Walking under the Willkommensschild, or welcoming sign, to the parade grounds of Theresewiese, I was filled with the same excitement as the other six million and more annual visitors to the Bavarian celebration of the marriage of Crown Prince Ludwig and his bride Therese in 1810. The grounds themselves are named in honor of the bride, Theresewiese, which translates to "meadow of Therese" and house the numerous beer tents with the capacity ranging from 5,000 to 7,000 seats for beer lovers from all around the world. Aside from millions of liters of Reinheitsgebot abiding beer being served, the festival offers enjoyment to all with the carnival rides and games for the youngsters and shopping and activities for everyone. All of that combined, my favorite part of the 16-18 day festival is the seemingly endless stalls of Würstl, Weißwurst, Brezen and two of my biggest guilty food pleasures - Apfelkrapfen and Riesenauszog'ne! With this event being considered the most celebrated event of Bavarian culture, the traditional dress is a common sight walking about the festival. I purchased a Bundhosen, which are longer and traditionally more decorated than the shorter Lederhosen, and went about the festival with my traditional alpine hat with the proper accent of pheasant plumage piece and the knee high stockings and Haferl style shoes as any good first-timer ought to do!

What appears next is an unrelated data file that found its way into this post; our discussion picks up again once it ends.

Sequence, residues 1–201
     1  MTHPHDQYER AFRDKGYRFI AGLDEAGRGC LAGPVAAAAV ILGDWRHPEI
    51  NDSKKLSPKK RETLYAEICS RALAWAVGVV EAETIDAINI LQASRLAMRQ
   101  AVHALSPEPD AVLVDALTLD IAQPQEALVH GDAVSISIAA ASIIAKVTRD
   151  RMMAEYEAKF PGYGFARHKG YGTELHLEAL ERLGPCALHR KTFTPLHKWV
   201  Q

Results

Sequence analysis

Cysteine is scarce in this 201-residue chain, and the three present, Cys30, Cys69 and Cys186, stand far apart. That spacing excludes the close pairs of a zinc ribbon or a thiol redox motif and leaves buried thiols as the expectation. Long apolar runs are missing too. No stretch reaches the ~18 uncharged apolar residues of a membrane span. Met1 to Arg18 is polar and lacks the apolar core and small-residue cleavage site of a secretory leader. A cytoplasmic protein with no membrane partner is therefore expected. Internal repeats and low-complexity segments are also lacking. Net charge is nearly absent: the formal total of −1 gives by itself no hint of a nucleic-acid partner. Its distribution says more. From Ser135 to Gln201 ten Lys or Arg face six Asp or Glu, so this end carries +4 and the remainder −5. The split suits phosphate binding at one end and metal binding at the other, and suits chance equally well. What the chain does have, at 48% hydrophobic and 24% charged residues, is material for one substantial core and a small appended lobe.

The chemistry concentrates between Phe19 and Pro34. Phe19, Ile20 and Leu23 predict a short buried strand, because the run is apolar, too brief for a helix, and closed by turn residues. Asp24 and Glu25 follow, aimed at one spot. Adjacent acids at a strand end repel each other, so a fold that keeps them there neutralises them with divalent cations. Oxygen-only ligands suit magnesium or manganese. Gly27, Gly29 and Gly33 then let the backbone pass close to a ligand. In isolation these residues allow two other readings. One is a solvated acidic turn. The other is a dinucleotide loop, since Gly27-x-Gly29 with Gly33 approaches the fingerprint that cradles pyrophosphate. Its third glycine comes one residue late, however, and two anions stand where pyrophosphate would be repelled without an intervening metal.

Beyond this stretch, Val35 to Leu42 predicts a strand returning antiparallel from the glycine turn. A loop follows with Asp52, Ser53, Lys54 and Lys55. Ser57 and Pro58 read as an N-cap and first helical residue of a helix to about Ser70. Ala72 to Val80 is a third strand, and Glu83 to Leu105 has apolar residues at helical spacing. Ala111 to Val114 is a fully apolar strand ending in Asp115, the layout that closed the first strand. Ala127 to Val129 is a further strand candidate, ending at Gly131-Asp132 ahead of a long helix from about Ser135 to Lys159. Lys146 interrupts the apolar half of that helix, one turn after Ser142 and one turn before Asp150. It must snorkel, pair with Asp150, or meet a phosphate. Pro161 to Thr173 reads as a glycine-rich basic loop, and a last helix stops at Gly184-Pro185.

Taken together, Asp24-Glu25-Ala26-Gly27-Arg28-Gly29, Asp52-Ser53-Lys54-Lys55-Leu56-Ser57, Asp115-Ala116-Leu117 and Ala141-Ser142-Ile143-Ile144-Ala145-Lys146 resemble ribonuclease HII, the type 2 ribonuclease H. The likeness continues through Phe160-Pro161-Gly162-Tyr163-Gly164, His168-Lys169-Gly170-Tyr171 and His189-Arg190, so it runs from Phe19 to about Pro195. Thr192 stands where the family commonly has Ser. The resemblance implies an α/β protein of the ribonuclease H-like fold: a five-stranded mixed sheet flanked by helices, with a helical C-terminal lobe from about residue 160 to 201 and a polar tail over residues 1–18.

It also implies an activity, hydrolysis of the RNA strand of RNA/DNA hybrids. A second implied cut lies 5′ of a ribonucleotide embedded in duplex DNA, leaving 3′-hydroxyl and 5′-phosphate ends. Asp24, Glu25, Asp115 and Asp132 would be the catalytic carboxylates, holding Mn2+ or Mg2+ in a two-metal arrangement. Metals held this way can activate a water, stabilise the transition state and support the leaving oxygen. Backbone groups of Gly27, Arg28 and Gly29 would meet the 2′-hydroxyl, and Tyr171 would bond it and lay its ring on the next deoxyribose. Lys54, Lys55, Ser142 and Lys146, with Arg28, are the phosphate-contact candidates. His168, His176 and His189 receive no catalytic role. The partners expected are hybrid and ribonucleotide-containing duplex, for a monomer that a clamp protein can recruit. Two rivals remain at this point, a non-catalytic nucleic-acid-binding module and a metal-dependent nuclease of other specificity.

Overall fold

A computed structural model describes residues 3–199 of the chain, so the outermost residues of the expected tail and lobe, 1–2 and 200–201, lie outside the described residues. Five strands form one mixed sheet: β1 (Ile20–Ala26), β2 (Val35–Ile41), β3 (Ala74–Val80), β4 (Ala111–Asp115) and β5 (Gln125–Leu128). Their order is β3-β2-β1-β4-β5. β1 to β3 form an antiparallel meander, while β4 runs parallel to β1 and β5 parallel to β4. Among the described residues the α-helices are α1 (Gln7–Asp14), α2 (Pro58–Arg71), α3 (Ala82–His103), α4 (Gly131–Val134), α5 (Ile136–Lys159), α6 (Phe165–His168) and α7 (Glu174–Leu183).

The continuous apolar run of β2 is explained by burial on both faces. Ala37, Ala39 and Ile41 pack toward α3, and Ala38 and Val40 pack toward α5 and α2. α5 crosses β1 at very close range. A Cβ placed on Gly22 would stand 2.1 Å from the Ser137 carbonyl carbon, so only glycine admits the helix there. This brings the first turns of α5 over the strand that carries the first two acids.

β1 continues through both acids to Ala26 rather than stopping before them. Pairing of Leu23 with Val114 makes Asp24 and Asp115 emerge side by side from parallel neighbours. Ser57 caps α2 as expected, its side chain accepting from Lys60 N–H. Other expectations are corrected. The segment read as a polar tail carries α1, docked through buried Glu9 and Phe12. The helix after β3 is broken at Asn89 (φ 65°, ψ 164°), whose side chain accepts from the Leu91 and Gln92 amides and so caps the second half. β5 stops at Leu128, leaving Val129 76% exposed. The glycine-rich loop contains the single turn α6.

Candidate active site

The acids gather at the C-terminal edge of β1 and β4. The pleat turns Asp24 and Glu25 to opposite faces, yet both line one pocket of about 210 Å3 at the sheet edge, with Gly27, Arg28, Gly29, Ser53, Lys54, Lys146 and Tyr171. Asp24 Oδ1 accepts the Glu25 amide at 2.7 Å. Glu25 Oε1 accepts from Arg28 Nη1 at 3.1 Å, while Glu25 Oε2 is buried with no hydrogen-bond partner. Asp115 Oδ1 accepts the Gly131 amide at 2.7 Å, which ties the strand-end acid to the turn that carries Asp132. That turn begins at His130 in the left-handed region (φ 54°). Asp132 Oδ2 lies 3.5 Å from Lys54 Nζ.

Of the fourteen tents that were scattered throughout the Wiesn, I made my way into the Löwenbräu-Festhalle with a few Canadians and Aussies that I had befriended out in the waiting area outside. I found it interesting that the waitresses came out an selected the individuals that they wished to serve. Being the tent I spent the day enjoying Municher brews in housed around 5,700 seats for beer lovers, I can see why the waitresses would like to choose who they get to contend with in the organized chaos to ensue!
Seeing the traditional Lederhose and Dirndln (yes, Bavarian-German plurals get a bit crazy on occasion) walking about the streets that are filled with the sweet aroma of the Lebkuchenherzen, the gingerbread cookies with sweet messages of love on them, makes for an captivating cultural experience! I also learned that this is a moment where Bavarians can let their complex dialect shine despite the wish of the rest of Germany who often are confused by their linguistic oddities, but luckily for me, I have been exposed to the Alemannisch ways prior to visiting! One of the common Bavarian messages you can find on the "love cookies" is "I mog di", Bavarian for 'I love you', but be careful who you give one to because it means 'I want you' literally but since when do lustful feelings come into the mix of consuming a few liters of beer!? Speaking of liters of beer, the amazing feat of the beer-toting waitresses of the beer tents that carry the "Maß" which is a one liter mug nine or ten at a time through a mass of caroling connoisseurs.
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